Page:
Taking stock of Act 46 votes after Town Meeting Day, Gov. Phil Scott and Education Secretary Rebecca Holcombe said the many unified districts formed will offer more flexibility and enable cost savings.
The administration urged school districts to do more to find savings that can be invested in child care, early education and college.
Since Act 46 was enacted in June 2015, 104 school districts representing 96 towns have merged into 20 larger school districts. On Tuesday, districts in Windsor, Windham, Caledonia, Essex, Bennington, Rutland and Addison counties voted to consolidate governance of their schools.
Nearly 60 percent of Vermont students now live, or will soon be living, in a unified district, according to the administration.
“The mergers approved on Town Meeting Day include one district that pays tuition for all students in PK-12; two districts that operate schools through grade eight and tuition older students; and three districts that operate schools for all grades. Not only will this provide flexibility to enhance educational quality, but it will reduce administrative costs and allow our systems to focus on improving learning and increasing options for our children,” according to a joint statement by Scott and Holcombe.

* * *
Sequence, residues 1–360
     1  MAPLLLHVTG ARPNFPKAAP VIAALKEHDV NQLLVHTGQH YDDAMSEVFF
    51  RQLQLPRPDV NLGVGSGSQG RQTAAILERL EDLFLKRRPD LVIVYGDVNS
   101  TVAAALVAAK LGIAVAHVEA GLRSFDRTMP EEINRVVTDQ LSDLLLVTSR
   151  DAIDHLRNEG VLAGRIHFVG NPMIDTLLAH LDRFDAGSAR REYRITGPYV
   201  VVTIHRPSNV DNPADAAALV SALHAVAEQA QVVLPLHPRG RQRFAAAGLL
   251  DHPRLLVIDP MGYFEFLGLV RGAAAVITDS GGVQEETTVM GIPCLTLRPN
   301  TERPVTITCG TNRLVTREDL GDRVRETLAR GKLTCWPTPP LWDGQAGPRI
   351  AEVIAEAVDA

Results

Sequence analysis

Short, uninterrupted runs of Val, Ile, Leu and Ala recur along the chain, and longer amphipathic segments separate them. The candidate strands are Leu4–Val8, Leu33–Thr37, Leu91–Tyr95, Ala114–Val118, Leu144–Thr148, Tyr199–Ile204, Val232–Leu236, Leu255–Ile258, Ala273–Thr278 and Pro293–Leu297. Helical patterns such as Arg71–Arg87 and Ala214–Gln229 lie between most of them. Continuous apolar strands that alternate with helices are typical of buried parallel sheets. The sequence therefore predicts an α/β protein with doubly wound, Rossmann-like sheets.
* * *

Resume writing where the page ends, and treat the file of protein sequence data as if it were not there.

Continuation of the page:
The administration said merged systems are having “powerful conversations” about staffing levels, the best use for their infrastructure, and ways to enhance learning opportunities for students.
Last week, Holcombe shared data with the governor and lawmakers indicating that school districts that merge can save money. Several districts that had been in the top 20 for spending in fiscal 2017 dropped off the preliminary list for 2018 after merging. They are Weybridge, Vergennes Union High School, Moretown, Middlebury Union High School and Ripton.
Still, Scott and Holcombe encouraged school districts to practice fiscal discipline in order to free up state dollars.
One of Scott’s priorities is to set up a seamless education system that will support working families as well as provide job training for graduates. “Investing in a cradle-to-career system is critical to making Vermont an education destination and to growing our economy, reducing the demand for social services and creating greater opportunities for all Vermonters,” the pair said.